Sunday, February 22, 2015

Siddhasana - How to practice it

Siddhasana also known as Ardha Padmasana  got its name from sanskrit words "Siddha" means "perfect" and "asana" means "pose".  

Siddhasana and padmasana are the two asanas traditionally used for Dhyana or meditation and breathing exercises.  Siddhasana is one of the most important asanas whose practice purifies the 72,000 nadis in the body.    The Siddhasana improves the flexibility of your hips, knees, and ankles and strengthens the back.  This posture is considered as the perfect meditation posture.  Here is the method to practice Siddhasana.

Steps to practice Siddhasana

  • Sit on the floor with legs close to each other
  • Now take the left foot and place it at he perineum.
  • Now take the right foot and place it over the left foot
  • To make the posture steadier, slide the right foot toes into the space between the left calf muscles. This may require some adjustment to the position. It is like creating a lock, so that the lower body is stable for long durations of meditation.
  • The knees should touch the floor.  Make your spine straight now
  • The chin can press against the chest.
  • Gaze at the space between the eyebrows. And become aware of your breathing process. The breathing can be natural and deep. One may also practice Ujjayi breathing according to one’s meditation technique.
  • The hands can be kept on the knees. One may assume the Chin Mudra or the Jnana Mudra with the fingers, if one wishes.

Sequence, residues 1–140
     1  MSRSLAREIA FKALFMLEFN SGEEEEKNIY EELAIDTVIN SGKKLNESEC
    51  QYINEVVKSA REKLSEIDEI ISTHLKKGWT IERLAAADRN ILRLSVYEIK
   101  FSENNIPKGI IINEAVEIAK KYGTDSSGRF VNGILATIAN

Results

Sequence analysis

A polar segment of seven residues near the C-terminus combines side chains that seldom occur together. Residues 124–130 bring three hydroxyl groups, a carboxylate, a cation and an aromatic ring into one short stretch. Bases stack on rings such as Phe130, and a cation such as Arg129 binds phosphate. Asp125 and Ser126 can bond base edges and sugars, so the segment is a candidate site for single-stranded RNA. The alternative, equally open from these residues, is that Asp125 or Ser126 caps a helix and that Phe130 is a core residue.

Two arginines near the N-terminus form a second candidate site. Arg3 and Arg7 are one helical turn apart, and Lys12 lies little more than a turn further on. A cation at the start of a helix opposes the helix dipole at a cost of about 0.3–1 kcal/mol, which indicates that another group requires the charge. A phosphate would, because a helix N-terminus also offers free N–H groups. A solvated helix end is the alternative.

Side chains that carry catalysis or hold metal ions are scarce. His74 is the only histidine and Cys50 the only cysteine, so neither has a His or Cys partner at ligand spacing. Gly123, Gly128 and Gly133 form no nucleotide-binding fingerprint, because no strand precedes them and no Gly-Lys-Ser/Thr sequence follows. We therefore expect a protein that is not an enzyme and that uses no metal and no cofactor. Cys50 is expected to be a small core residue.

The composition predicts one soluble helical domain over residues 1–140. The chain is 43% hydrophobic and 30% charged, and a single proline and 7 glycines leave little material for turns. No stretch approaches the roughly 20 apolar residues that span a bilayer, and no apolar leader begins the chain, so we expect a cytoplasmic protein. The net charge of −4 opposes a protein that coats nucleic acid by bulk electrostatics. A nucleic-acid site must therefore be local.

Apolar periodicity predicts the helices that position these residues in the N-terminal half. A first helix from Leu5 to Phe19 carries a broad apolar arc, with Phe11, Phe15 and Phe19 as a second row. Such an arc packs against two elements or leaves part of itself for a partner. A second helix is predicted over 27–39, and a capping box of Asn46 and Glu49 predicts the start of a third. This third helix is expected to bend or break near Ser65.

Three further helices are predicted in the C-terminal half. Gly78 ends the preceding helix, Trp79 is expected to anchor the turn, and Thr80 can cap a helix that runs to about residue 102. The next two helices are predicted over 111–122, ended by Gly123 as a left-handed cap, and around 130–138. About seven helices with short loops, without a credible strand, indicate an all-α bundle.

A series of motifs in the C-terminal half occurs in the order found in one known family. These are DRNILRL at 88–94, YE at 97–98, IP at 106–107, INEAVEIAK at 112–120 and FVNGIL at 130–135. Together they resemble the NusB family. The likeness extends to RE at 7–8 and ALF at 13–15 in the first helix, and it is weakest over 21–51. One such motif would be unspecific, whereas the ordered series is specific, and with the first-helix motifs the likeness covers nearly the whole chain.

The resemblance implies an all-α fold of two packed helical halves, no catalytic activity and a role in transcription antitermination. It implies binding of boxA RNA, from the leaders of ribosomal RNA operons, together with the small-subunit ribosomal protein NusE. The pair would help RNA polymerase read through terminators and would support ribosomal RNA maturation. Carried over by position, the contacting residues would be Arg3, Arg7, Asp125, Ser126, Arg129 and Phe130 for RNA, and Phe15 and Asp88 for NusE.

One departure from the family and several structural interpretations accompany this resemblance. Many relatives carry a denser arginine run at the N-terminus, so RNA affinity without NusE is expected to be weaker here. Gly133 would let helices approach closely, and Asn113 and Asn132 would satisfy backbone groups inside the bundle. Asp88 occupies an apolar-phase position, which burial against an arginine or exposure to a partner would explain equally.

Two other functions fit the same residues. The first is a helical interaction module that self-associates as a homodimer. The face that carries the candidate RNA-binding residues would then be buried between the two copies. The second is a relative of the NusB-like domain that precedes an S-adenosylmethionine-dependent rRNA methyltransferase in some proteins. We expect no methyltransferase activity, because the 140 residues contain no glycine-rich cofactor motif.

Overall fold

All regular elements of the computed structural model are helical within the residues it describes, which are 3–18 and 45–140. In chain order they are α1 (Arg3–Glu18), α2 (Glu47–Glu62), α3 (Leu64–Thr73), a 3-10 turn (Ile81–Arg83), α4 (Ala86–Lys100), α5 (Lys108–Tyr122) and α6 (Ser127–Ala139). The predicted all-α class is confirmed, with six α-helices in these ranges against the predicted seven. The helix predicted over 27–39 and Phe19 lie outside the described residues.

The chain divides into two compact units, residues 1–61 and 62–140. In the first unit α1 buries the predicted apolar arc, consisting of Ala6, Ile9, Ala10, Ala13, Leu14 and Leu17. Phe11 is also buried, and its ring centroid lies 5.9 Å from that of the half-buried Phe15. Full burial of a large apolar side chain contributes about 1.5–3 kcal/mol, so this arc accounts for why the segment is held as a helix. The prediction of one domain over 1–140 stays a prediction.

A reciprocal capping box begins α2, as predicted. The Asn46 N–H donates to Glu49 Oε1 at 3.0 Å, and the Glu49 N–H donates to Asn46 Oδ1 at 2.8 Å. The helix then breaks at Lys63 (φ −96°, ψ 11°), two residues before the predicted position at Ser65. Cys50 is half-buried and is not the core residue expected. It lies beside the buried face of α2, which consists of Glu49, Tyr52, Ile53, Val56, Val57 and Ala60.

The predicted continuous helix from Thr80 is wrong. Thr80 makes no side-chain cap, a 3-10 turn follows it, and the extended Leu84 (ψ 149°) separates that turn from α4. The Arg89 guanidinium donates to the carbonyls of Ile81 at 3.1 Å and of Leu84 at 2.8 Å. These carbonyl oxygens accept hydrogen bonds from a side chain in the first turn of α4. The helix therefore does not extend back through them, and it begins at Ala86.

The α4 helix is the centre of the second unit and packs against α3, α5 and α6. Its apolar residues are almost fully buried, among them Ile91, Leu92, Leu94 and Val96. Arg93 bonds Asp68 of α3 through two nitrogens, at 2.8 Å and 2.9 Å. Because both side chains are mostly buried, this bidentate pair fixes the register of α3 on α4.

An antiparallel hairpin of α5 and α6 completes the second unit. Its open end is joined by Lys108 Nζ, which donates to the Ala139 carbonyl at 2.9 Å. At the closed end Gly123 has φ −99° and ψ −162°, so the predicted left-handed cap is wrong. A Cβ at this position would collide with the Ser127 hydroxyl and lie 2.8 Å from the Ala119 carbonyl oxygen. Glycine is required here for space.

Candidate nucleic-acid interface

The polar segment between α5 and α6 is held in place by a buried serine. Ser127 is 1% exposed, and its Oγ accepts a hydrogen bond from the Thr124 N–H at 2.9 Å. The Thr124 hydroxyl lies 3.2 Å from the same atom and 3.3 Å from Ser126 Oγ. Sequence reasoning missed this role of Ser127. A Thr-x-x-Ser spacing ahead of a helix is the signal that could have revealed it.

• Maintain this position for as long as you are comfortable.

Benefits of Siddhasana

  1. Siddhasana is one of the main poses used for meditation. One can maintain this position for a long duration. Those who have difficulty practicing Padmasana can easily practice Siddhasana for extended periods. This asana holds the spinal column straight and steady.
  2. In Siddhasana, the heel is kept pressed against the Mooladharachakra. This ensures that the energy currents flow upwards towards the spine.
  3. The position of the heels also stimulates the lower two chakrasMooladhara and Swadhistana. The sexual energy is channelized upwards and converted into subtle energy called ‘ojas’.
  4. It also gives the practitioner control over his sex urge and the sexual functions.
  5. In Hatha Yoga Pradeepika, it is said that Siddhasana stabilizes the nervous system by calming down the pranic energy.
Here is a video on how to practice Siddhasana.....

Saturday, February 7, 2015

Swastikasana - How to practice

Swastikasana or the Auspicious Pose is a very easy yoga pose for those who can not attempt the more difficult asanas like padmasana and siddhasana.  The Indian symbol of Swastika is a symbol o fauspiciousness.  The position of legs in the Swastikasana resemble the symbol of Swastika.   

The Swastikasana is relatively easy to practice and can be used for meditative purposes.  The swastikasana has a history dating back to the 200 BC where it was first described. The swastikasana is a comfortable pose which maintains the concentration of a person.

The swastikasana helps one to maintain temperature normally within the body and tones the abdominal muscles.  Here is a step by step procedure to practice swastikasana.

Steps to perform Swastikasana

Here is the steps to practice swastikasana.

  • First sit on the floor with legs spread out in front of you.
  • Fold the left leg and place the sole of the left leg against the inner thigh of the right leg.
  • Now bend the righe leg and place the right foot in the space between the left thigh and calf muscles.